'Aloof Li Peng mishandled Tiananmen'
National People's Congress Chairman Li Peng should be held responsible for mishandling of the pro-democracy movement, leading to the 'condemnable' June 4 military crackdown, a former director of Hong Kong's Xinhua office said yesterday.
'Mr Li, who [as premier at the time] was entrusted to negotiate with students' representatives to diffuse the crisis, was taking a very aloof attitude in dialogue and had ultimately pushed the students to a more confrontational stance,' Xu Jiatun said in an interview with Hong Kong Cable TV.
'The students and the public are the masters of the Communist Party, but Mr Li was not listening to their views.' He said it was even worse that the Communist Party resorted to guns and tanks to silence its masters.
Mr Xu said that at a meeting with disgraced party boss Zhao Ziyang during the student demonstrations in May 1989, Mr Zhao had expressed optimism over the protests, saying they would have a positive impact on the country's reform and modernisation drive.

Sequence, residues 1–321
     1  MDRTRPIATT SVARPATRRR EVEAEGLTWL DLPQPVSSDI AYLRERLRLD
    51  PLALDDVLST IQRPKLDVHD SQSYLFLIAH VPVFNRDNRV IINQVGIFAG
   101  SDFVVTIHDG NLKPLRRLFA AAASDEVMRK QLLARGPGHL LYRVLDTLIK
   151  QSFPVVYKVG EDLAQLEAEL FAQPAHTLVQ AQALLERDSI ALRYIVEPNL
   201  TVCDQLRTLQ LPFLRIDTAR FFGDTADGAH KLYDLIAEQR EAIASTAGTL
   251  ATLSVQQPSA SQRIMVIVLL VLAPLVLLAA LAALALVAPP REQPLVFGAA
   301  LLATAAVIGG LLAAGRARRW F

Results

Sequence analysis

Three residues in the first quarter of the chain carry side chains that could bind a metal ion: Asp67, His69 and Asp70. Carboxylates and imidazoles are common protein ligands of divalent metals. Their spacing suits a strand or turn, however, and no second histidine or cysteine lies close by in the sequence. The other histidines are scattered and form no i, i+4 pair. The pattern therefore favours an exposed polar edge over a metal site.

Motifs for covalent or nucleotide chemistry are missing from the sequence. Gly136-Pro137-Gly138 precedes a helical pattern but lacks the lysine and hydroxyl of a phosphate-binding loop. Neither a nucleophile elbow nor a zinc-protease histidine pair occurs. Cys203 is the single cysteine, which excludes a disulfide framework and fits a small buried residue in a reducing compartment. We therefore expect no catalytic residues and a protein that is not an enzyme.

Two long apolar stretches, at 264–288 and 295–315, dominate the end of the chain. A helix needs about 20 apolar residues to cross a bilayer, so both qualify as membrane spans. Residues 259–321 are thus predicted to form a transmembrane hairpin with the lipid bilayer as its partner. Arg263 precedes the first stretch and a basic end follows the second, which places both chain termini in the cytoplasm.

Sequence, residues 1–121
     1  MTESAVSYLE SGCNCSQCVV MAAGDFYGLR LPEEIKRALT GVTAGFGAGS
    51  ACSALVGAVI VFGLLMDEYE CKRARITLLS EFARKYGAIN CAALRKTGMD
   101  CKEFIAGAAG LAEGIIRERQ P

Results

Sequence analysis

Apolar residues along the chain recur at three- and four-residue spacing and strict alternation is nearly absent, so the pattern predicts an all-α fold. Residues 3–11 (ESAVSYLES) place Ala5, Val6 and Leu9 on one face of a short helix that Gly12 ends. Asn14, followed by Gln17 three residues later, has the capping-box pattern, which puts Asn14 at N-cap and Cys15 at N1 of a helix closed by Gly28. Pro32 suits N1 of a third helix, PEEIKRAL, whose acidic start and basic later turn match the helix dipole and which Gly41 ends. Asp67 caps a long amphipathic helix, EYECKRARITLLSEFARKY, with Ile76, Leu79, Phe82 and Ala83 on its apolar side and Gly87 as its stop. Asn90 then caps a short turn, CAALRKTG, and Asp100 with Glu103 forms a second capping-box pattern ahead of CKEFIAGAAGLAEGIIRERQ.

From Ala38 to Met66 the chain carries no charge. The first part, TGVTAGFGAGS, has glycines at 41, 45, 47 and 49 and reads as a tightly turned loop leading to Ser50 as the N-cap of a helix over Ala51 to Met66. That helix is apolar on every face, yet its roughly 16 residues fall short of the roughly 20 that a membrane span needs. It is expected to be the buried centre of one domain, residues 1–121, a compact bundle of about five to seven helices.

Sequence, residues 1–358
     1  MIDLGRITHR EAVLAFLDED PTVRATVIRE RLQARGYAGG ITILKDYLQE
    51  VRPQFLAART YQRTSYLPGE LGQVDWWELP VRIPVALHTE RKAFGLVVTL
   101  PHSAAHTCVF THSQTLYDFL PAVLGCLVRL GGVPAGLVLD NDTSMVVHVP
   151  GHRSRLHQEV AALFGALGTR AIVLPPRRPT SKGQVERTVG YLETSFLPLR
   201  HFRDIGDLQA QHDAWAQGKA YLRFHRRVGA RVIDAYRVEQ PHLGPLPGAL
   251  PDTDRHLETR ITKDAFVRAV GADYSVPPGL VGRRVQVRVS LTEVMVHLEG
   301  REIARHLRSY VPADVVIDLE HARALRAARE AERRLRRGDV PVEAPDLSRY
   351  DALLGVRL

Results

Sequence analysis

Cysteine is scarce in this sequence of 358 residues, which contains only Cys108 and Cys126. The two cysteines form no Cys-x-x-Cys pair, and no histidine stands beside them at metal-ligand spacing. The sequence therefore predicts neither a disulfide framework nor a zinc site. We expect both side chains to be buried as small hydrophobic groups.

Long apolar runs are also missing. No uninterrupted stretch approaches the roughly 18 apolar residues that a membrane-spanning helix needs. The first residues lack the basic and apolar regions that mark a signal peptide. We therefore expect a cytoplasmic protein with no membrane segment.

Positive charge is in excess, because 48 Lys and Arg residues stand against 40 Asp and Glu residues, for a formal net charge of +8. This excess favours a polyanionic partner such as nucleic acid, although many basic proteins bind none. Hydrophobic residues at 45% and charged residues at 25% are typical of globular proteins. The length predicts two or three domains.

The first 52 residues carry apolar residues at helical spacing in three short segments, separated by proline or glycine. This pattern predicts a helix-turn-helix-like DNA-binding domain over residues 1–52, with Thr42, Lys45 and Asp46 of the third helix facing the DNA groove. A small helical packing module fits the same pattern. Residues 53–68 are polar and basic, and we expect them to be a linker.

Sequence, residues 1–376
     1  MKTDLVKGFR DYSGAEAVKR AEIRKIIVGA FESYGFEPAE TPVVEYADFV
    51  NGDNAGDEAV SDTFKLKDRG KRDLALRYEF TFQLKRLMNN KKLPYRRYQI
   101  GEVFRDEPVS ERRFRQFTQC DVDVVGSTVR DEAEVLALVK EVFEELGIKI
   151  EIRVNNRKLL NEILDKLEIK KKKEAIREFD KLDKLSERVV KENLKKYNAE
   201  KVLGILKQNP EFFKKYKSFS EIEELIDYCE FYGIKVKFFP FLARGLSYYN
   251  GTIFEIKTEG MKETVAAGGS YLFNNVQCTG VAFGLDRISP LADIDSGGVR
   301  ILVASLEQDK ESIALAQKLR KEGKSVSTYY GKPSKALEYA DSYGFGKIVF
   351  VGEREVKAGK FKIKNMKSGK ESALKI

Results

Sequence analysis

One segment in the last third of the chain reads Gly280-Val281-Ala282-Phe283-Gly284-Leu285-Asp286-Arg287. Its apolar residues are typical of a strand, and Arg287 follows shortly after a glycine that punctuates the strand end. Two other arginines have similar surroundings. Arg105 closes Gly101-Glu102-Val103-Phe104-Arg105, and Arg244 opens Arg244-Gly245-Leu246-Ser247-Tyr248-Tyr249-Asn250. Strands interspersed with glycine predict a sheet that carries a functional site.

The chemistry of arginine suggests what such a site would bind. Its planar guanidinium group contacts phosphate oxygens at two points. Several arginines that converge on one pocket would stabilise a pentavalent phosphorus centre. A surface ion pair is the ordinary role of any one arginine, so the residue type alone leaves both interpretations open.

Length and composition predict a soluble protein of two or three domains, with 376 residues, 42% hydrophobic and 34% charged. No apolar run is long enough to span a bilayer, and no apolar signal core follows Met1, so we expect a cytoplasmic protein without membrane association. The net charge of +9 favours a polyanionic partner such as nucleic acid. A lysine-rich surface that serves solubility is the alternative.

Mr Xu, who defected to the United States after the 1989 crackdown, has joined the chorus of appeals for a reversal of the official verdict that the demonstrations were a 'counter-revolutionary rebellion'.
He angered authorities in Beijing in 1989 when he failed to condemn Hong Kong protesters demonstrating against the crackdown.
Meanwhile, 90 activists in the northern city of Xian have applied for official permission to hold a candle-light vigil to mark the 10th anniversary of the massacre.
'Five of us went to hand in our application to the Xian city public security bureau,' the US-based Human Rights in China quoted the dissident, Lin Hai, as saying.
The application requested permission to hold a commemoration on the evening of June 4.
Following the demonstrations in 1989, Beijing introduced the National Demonstration Law, requiring all citizens wishing to stage protests to apply with local police five days in advance.
Regarding his application, Mr Lin said: 'One official I spoke to told me that maybe our application would not be approved, but that we would get a formal response next Monday.' Yesterday, 50 dissidents who applied to hold a similar gathering in eastern Hangzhou city had their application rejected by local authorities, the Hong Kong-based Information Centre of Human Rights and Democratic Movement in China reported.